Regardless of cause, potential methods may minimize the effect of rebound pain on patients undergoing peripheral nerve blockade. Regional anesthesiologists can supplement their blocks with preoperative, intraoperative, and postoperative multimodal-enhanced, recovery-driven protocols with oral and intravenous analgesics.11 This method may help cover the transition period as the nerve block wears off. Additionally, if local anesthetic concentrations are what drive the severity of rebound pain in vivo (yet unstudied) for blocks that are combined with a general anesthetic and intended to be used more for analgesia than surgical anesthesia, lower local anesthetic concentrations could be used in combination with perineural adjuvants.[14] When general anesthesia is required, two strategies are avoiding use of hyperalgesic agents such as volatile gases and short-acting opioids and including use of agents that modulate the pain response such as esmolol.[15],[16]

Rebound pain can also be theoretically attenuated by prolonging the duration of the block, whether through the use of a continuous infusion via peripheral catheter or long-acting, single-shot injectates. In theory, this could reduce the inflammation and retained neuronal memories associated with surgery. However, as previously discussed, the duration of analgesia must be significantly longer than a typical single-shot block to become clinically effective in reducing rebound pain.[2],[11] Unfortunately, the expected rehabilitation plan and patient preferences may not allow for an extended period of motor blockade or diminished sensation.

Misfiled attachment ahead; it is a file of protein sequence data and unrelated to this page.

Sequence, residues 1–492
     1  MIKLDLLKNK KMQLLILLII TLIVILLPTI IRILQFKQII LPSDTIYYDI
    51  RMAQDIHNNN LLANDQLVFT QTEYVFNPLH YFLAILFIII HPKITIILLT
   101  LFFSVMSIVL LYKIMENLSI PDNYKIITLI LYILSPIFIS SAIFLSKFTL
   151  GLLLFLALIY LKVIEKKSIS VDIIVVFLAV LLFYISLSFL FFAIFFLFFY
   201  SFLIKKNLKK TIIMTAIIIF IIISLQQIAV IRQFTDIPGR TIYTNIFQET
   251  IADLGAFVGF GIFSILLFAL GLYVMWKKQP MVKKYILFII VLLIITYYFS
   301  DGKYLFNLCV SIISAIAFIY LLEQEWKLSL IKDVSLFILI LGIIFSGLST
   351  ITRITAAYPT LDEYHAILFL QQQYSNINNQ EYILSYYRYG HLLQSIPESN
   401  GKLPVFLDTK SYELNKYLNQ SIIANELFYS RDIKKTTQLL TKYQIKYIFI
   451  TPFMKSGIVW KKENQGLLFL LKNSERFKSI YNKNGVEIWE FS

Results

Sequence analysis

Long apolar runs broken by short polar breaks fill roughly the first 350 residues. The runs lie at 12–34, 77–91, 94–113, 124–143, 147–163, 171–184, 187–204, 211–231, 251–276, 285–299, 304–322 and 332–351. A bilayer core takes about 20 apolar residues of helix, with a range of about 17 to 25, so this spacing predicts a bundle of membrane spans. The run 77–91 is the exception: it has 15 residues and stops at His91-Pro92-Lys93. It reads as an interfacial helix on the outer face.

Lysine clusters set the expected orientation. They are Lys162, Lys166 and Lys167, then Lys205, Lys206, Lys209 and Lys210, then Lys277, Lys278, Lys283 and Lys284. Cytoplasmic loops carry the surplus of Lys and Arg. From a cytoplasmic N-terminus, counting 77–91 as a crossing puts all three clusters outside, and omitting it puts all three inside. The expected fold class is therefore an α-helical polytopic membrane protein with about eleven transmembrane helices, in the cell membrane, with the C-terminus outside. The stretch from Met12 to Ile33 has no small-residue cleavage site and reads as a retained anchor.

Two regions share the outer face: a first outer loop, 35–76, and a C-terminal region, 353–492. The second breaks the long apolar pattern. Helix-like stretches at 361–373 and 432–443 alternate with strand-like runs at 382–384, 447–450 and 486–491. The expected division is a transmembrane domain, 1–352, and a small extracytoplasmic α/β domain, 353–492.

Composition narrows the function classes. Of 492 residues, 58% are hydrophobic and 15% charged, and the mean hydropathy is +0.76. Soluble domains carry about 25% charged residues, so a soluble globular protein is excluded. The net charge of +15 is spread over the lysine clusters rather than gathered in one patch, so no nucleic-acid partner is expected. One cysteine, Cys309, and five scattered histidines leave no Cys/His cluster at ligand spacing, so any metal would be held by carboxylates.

Adjuvants may also play a role in decreasing rebound pain. Such drugs not only prolong the duration of the local anesthetic but also may modulate the block in a way that decreases rebound pain through other unknown mechanisms. A recent case series of perineural adjuvants found that a combination of clonidine, buprenorphine, and dexamethasone was associated with reduced severity of rebound pain when administered with bupivacaine or ropivacaine, although optimal dosing is still unclear and varies with extremity.[14,17] Specifically, more buprenorphine was associated with less rebound pain, whereas less dexamethasone was paradoxically associated with less rebound pain. In this case series, however, rebound pain was compared with preoperative pain scores with movement, which may prove to be a more useful parameter than when the block is fully functioning.[17]

In the end, educating patients may prove the most useful short-term management strategy. Including rebound pain during the risk–benefit discussion during the preoperative assessment can inform patients regarding what to expect when the block wears off. Baseline pain evaluations and psychological counseling for high-risk patients may be beneficial.[3] Patients and caregivers can also be instructed to stay ahead of the pain by taking long-acting analgesics while the block is still working.[11] Common formulations such as gabapentin, acetaminophen, ibuprofen, and dextromethorphan may prove useful as rescue medications for rebound pain.

Although the concept of rebound pain requires consideration and discussion, patients still express overall satisfaction from their nerve block experience.[5] Therefore, the multiple benefits of regional anesthesia make this a technique that should continue to be offered until further research can provide more clarity.